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A Very Brief Overview of Contemporary Literature

In the early 20th century, when the idea that God is dead was first introduced into the general culture, it caused infinite anguish and a great sense of loss. Writers and artists, and then people in general began to question the very meaning of life, and finally arrived at the conclusion that, if there is no God, life is inherently meaningless. Objective truth does not exist; all we have to rely on is our own perspective--our own truth--since that is all we can see. Most of the literature written before World War II (most notably T.S. Eliot's The Wasteland and F. Scott Fitzgerald's The Great Gatsby) dealt with the issue of how people could go on living with these realizations. By the end of World War II, though, these ideas had been culturally (although not necessarily individually) assimilated. After the atrocities of the war, it wasn't so hard to accept the idea that there was no benevolent God watching over every little sparrow,a nd life had been thrown away on too large a scale for people todeceive themselves that it had any real meaning. Even in the midst of their joy and relief that the war was over, the predominant attitude was disillusionment: "Okay, so God is dead and life is meaningless. Now what?" In the aftermath of a war whose actions and results were almost incomprehensible, writers found themselves with new dilemmas: the pre-war world was gone, and a whole new world had taken its place. Postwar writers concerned themselves not so much with moaning over the loss of God, but with how to find ways to cope with a world in which the only constant was change. And as life changed ever more and ever more rapidly, literature changed with it. Contemporary literature is difficult to characterize because it reflects contemporary life and culture, which is rapidly changing and full of contradictions. But there are certain trends which stand out. (These are generalizations, remember; there are exceptions.) First, contemporary literature is no longer "innocent," but ironic. It reflects our political, social, and personal disillusionment, and no longer dares to believe it can create anything new. It can only cast the old in new forms. In the postscript to "The Name of the Rose," Umberto Eco explains: I think of the postmodern attitude as that of a man who loves a very cultivated woman and knows he cannot say to her, "I love you madly," because he knows that she knows (and that she knows that he knows) that these words have already been written by Barbara Cartland. Still, there is a solution. He can say, "As Barbara Cartland would put it, I love you madly." At this point, having avoided false innocence, having said clearly that it is no longer possible to speak innocently, he will nevertheless have said what he wanted to say to the woman: that he loves her, but loves her in an age of lost innocence. If the woman goes along with this she will have received a declaration of love all the same. Neither of the two speakers will feel innocent, both will have accepted the challenge of the past, of the already s ad, which cannot be eliminated; both will consciously and with pleasure play the game of irony...But both wll h ave succeeded, once again, in speaking of love. Some writers (although not all), in fact, believe that innovation is no longer possible. There are only so many ideas and combinations of ideas, and they've all been used. All that's left is to imitate, in as fresh a way as possible, what the past has left us. As an example, critic Fredric Jameson points to Star Wars:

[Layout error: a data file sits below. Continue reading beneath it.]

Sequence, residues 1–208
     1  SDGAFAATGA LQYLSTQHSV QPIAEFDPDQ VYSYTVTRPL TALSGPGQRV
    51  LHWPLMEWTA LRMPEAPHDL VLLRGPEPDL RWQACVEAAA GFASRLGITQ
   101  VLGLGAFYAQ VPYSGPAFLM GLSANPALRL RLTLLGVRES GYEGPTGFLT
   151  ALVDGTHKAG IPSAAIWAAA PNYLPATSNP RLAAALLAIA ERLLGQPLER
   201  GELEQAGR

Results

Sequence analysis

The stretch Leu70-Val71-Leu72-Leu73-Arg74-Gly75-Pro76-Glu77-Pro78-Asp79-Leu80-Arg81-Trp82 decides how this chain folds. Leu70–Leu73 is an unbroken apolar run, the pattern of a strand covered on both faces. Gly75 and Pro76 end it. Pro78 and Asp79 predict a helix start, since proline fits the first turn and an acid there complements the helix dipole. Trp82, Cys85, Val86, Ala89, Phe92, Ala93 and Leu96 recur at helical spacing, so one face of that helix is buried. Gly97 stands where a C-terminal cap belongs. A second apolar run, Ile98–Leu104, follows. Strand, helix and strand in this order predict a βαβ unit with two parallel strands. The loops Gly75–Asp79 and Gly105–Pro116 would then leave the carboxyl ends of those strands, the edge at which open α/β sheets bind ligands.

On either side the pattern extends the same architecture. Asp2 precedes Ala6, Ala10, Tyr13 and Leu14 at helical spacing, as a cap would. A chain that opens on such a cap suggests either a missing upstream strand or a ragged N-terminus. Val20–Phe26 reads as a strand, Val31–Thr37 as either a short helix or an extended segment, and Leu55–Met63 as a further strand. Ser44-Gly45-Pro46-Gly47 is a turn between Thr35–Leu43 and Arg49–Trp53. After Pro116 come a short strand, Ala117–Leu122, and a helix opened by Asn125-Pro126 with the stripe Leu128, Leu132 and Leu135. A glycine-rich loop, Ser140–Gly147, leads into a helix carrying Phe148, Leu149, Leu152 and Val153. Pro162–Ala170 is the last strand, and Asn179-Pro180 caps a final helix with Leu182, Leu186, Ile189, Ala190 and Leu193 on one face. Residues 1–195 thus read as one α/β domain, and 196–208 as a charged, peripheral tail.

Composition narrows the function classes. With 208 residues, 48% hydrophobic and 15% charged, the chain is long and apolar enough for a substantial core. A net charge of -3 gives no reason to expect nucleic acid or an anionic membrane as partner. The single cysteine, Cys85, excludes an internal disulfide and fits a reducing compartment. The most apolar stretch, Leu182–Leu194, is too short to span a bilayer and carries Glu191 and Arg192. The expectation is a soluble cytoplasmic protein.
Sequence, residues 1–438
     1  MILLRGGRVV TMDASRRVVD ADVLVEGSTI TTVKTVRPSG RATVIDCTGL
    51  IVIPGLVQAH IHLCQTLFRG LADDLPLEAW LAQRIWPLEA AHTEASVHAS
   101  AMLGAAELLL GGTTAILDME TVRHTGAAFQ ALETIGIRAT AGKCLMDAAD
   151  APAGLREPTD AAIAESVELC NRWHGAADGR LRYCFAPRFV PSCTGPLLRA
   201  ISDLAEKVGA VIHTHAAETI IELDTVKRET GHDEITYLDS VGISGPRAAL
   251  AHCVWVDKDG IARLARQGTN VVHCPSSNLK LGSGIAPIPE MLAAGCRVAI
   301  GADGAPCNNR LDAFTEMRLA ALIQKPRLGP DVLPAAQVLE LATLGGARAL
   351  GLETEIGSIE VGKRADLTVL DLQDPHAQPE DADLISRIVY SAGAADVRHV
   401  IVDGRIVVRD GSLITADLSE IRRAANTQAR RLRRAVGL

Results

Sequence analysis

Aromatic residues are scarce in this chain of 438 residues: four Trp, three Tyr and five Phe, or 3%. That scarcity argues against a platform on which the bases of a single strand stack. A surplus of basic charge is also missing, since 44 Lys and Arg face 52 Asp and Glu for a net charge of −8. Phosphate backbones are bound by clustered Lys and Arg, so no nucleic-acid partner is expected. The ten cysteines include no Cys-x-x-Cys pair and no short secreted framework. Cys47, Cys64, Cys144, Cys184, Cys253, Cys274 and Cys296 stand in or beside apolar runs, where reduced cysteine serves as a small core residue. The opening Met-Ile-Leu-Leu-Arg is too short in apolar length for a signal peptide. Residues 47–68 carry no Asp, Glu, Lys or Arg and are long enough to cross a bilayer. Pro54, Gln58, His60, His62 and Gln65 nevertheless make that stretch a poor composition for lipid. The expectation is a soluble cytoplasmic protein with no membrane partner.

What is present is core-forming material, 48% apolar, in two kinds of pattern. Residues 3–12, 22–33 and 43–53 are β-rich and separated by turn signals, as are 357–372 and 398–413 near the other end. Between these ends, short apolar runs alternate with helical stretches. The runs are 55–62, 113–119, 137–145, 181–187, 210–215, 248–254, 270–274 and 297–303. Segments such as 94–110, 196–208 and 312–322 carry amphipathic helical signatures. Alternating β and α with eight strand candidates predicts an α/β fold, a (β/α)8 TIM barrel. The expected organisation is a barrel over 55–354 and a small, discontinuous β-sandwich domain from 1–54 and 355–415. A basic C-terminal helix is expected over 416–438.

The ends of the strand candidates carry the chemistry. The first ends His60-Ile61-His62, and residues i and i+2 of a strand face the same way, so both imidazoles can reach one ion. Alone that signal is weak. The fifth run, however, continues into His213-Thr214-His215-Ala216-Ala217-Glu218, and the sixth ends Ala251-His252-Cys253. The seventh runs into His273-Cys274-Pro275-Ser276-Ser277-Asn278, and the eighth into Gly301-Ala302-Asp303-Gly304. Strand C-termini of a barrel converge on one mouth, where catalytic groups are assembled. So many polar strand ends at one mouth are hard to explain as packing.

...One of the most important cultural experiences of the generations that grew up from the '30s to the '50s was the Saturday afternoon serial of the Buck Rogers type--alien villains, true American heroes, heroines in distress, the death ray or the doomsday box, and the cliffhanger at the end whose miraculous resolution was to be witnessed next Saturday afternoon. Star Wars reinvents this experience...[it] satisfies a deep (might I even say repressed?) longing to experience them again: it is a complex object in which on some first level children and adolescents can take the adventuress straight, while the adult public is able to gratify a deeper and more properly nostalgic desire to return to that older period and to live its strange old aesthetic artifacts through once again. An increasing number of novels and plays are set in the past, but their events are seen with contemporary cynicism; notable examples are Margaret Atwood's novel, Alias Grace, and Charle Frazier's novel, Cold Mountain. A second trend in contemporary literature is a new cynicism about he role of art and literature itself. For previous generations, literature and other arts were meant by their creators to be "anti-Establishment"--that is, to repudiate and subvert established values and traditions. In other words, Art set itself apart from Society, seeing the masses as people who needed to be enlightened, but who were so bound by social and religious tradition and apathy that they probably couldn't be. Many contemporary writers and artists still feel this way, but increasingly, the line between "High" and "Low" culture is hard to distinguish, since the mass media co-opts art and images for its own so quickly, and since "serious" writers no longer limit themselves to the drawing rooms of Henry James and Jane Austen , but often set their novels in seedy, Bmovie locations and surround their characters with the paraphernalia of the consumer culture. As Kirk Vardenoe and Adam Gopnik, the directors of High & Low: Modern Art and Popular Culture, have written, "In the age of Joe Isuzu, a hardened knowingness about the value-emptied amorality of media culture was, far from being the preserve of a small cadre of vanguard thinkers, the sour, commonplace cynicism of the whole commercial culture." In a third trend, contemporary literature accepts as given the idea, handed down from the early 20th century, that everything we know is dependent on our perspective. I see things one way, and you see them another. Thus, since there is no truly objective observer, there is no such thing as "Truth." There is only my truth and your truth, and those can change at any moment with the addition of more facts. But contemporary literature takes this idea a step or two further, calling into question facts themselves, and arguing that "facts" are unreliable, influenced by culture, historical perspective, language games, and other undiscovered or deliberately omitted facts. Thus, contemporary literature argues, two contradictory "truths" can (and often do) exist side by side. Because of this ability to encompass contradictions, contemporary literature, like contemporary society, sometimes seems schizophrenic. Even as it questions and denigrates the use and value of language, it uses language carefully and precisely to illustrate its ideas. Even as it documents fragmentation and disintegration, it draws all the fragments into a cohesive whole. Even as it celebrates human diversity and laments human alienation, it reveals the universality of human character and emotion.